There is an angry little monster that I take with me everywhere I go. Or rather, he follows me everywhere I go. He’s dark grey with a personality to match. He is gloomy and negative, a pessimist in every sense of the word. He’s a bad friend who won’t leave me alone but refuses to help when I ask.
Today, I am at work. I sit at the front desk of a quiet office on the Portland waterfront. I am one of the first people here this morning. It’s cold today, and the first real rain of the season fell early this morning. I have less and less to do every day when I come in, but still I arrive with a determination to accomplish something worthwhile.
“Why do you even come here?”
I look over to glare at Monster only for a moment; I don’t want to give him the satisfaction of a response. He wears a smug look on his hairy little face. He knows he’s bothered me. I shake my head and turn back to my computer and open a new document. Today I’m going to write, I decide. I type a few words, then erase them, then type a few different words. I stop, stumped. I rack my brain for the right words, but when they don’t come, I calmly close the document and take a sip of coffee. I’ve decided to start later.
“Quitter,” Monster calls me.
“No I’m not,” I say.
“Then why did you just give up, you quitter?”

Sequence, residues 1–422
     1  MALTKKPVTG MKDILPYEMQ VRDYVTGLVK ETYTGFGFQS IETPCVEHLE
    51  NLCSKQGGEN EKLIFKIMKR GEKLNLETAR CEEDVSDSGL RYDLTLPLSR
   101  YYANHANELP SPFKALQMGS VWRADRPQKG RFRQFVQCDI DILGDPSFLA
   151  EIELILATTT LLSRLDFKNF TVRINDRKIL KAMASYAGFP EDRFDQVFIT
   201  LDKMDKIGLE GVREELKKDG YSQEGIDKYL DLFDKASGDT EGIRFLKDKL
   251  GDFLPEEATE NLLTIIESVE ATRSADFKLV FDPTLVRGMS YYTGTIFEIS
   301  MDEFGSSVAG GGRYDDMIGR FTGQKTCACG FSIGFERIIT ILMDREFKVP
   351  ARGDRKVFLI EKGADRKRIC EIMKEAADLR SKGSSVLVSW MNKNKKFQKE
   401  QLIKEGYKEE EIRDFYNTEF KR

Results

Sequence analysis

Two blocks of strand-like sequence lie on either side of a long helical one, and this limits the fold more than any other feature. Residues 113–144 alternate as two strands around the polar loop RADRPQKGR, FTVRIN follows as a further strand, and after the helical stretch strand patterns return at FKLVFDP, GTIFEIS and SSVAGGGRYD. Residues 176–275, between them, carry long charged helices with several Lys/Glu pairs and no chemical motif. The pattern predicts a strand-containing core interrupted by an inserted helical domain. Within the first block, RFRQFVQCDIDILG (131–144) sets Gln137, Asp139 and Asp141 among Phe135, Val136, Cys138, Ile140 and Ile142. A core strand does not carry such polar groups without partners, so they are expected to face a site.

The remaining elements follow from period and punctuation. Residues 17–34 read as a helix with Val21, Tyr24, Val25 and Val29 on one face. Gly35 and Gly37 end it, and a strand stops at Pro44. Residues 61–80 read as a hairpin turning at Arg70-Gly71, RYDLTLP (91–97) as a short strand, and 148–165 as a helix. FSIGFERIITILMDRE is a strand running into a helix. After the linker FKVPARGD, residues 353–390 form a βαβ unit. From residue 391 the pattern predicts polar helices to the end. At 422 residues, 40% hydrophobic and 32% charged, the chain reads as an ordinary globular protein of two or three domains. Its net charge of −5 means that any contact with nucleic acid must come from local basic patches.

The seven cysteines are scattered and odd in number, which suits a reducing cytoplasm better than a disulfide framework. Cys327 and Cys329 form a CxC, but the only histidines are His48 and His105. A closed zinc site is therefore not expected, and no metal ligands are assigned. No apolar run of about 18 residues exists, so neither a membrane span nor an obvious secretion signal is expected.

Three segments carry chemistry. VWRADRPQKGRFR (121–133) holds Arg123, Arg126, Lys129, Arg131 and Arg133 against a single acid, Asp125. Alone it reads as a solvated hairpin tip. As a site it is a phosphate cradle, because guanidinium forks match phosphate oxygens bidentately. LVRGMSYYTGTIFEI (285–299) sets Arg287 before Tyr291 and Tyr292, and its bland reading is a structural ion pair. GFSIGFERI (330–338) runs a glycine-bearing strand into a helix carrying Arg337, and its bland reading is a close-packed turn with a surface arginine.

Angrily, I reopen the document and start again. I throw a look of disgust toward Monster and hope that it makes him feel like garbage. Quickly and without hesitation, I scramble through a paragraph. I turn to Monster as if to say “See?”, but he is already stifling a laugh.
“Ha! It’s not even good! God, you’re stupid,” and Monster grins as he says this. He looks rather pleased with himself. In a fury, I pile out of my chair, doing my best to knock it into his knees in doing so. I stomp off to the bathroom. From the toilet, I hear the door squeal before I see his stupid hairy feet take up residence outside the stall. He taunts me while I sit there, making fun of my belly and my thighs. As I swing open the stall door, he makes a nasty comment about my eyeliner. I know it’s uneven, and I certainly didn’t need reminding. I punch him in the stomach and he doubles over. Momentarily satisfied, I head over to the sink and give myself a quick smile. I don’t look half bad today. From behind me, Monster reminds me that I didn’t shower this morning and my hair looks greasy and frizzy because of it. As quickly as it came, the joy drains from my features.
Most days go like this. Some days he’s easier to ignore than others. Sometimes after a few hours, I forget that Monster came with me, and I can enjoy a few minutes’ peace. Other times, he talks directly into my ear all day long about whatever he thinks will anger me the most. He blames me for killing my thirteen-year-old cancer-stricken dog, and sometimes I believe him. He calls me names, bashes my talents, and distracts me at every chance he gets. He is annoying and mean and I just can’t get rid of him.